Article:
Homestays are key to increasing the number of overseas kids
Wanted: People to welcome international students into their homes.
Whistler Secondary is hoping to host more students from overseas next year. But it will only happen if locals come forward and open their homes to the kids.
"The one major drawback for the program has been consistent homestays in Whistler," said Whistler Secondary principal Ken Davies.
The school has several reasons for wanting to increase the number of foreign kids not least of which are the large fees they pay to attend school in B.C.
Each student must pay about $12,000 for the year. The school they attend gets $5,000; some is used by the local school board to cover salaries and costs associated with the program, and the rest is shared between all the schools in the district.
There are dozens of students who would like to study in Whistler but with accommodation at a premium here there are few places for them to stay.
The school board pays $800 a month to each household that welcomes an international student.
The student needs his or her own room. But more than that said district principal Mike Weeks, the students need support and help as they try and settle into a foreign culture and new surroundings.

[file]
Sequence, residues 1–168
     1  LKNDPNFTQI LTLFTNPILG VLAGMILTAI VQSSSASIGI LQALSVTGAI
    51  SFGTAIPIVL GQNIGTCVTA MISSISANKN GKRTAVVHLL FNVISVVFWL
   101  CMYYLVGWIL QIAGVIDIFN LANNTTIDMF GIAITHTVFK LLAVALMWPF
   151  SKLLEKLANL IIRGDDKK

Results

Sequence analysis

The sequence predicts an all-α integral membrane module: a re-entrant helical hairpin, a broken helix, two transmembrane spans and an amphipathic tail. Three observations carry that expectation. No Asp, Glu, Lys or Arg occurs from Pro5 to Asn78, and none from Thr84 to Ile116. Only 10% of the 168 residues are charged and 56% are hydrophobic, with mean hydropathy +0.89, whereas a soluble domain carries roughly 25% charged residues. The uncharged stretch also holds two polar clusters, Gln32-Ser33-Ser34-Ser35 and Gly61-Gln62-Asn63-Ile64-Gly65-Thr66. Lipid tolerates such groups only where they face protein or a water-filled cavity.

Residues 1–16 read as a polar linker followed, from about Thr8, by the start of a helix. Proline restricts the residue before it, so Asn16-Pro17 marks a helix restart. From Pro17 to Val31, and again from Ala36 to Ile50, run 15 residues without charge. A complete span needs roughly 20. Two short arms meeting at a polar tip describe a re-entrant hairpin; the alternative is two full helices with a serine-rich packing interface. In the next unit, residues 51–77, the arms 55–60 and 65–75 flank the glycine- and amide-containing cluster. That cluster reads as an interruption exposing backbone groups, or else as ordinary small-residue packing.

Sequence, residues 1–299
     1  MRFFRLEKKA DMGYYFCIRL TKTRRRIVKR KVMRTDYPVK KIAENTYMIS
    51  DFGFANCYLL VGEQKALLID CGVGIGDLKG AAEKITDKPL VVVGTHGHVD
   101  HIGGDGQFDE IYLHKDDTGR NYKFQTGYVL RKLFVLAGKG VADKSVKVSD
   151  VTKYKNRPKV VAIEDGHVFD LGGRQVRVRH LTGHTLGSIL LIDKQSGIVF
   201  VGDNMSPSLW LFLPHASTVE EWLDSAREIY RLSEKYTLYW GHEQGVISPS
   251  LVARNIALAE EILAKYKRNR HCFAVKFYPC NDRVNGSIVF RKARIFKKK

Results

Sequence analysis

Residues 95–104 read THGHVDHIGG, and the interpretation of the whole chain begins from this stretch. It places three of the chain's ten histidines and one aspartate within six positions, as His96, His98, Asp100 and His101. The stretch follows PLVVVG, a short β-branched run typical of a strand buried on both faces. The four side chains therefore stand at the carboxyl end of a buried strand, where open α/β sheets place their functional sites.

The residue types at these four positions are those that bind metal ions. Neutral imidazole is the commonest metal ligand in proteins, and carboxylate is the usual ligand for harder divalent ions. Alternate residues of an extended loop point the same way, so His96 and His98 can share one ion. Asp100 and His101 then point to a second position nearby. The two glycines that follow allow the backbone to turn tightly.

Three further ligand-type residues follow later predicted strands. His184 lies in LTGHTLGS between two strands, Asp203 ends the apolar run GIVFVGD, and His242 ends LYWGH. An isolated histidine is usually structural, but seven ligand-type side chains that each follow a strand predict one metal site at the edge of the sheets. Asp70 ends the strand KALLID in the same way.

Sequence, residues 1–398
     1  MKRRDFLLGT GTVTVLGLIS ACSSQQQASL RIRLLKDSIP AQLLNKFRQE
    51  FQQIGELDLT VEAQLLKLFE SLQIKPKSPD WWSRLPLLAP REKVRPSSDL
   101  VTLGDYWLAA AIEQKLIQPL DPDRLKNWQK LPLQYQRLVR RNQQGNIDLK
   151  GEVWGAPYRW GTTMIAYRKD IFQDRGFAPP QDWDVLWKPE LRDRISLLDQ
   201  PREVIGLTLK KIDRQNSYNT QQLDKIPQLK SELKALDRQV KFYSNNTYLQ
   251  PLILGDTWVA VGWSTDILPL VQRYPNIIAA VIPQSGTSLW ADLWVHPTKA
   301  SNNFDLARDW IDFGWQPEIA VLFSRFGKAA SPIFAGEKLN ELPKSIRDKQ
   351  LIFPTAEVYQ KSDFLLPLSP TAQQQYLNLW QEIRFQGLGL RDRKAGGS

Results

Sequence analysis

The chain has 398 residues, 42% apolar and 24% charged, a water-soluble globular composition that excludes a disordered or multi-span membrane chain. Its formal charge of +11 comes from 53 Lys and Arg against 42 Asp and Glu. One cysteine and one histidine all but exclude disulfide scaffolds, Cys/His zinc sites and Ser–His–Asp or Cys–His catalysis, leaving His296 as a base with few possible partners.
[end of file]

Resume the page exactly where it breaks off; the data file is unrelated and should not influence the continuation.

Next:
"The intent should be to provide a warm, caring home," said Weeks.
"They need to look after the student as if he or she were their own child."
That means taking the student on weekend outings, or trips, welcoming them on family dinners out or when enjoying entertainment like movies or theatre productions.
Of course helping them enjoy all the recreational opportunities in the area is part of it too, although students have to pay their own expenses when it comes to passes up the mountains, equipment, and evenings out.
Margaret Pattison has hosted several international students in her Squamish home. She also helps run the Howe Sound School Boards recruitment program.
"It brings a wonderful experience to the home because you learn about another culture," she said.
"I have three children so the children see a broader world.
"But it is work because you have another teenager in your house."
That means ferrying them back and forth to their activities, along with the other kids.
One thing Pattison realized quickly though was, "kids all around the world are very much alike.
"Most of the ones we have had have integrated with the family really well. They participate in whatever we do.
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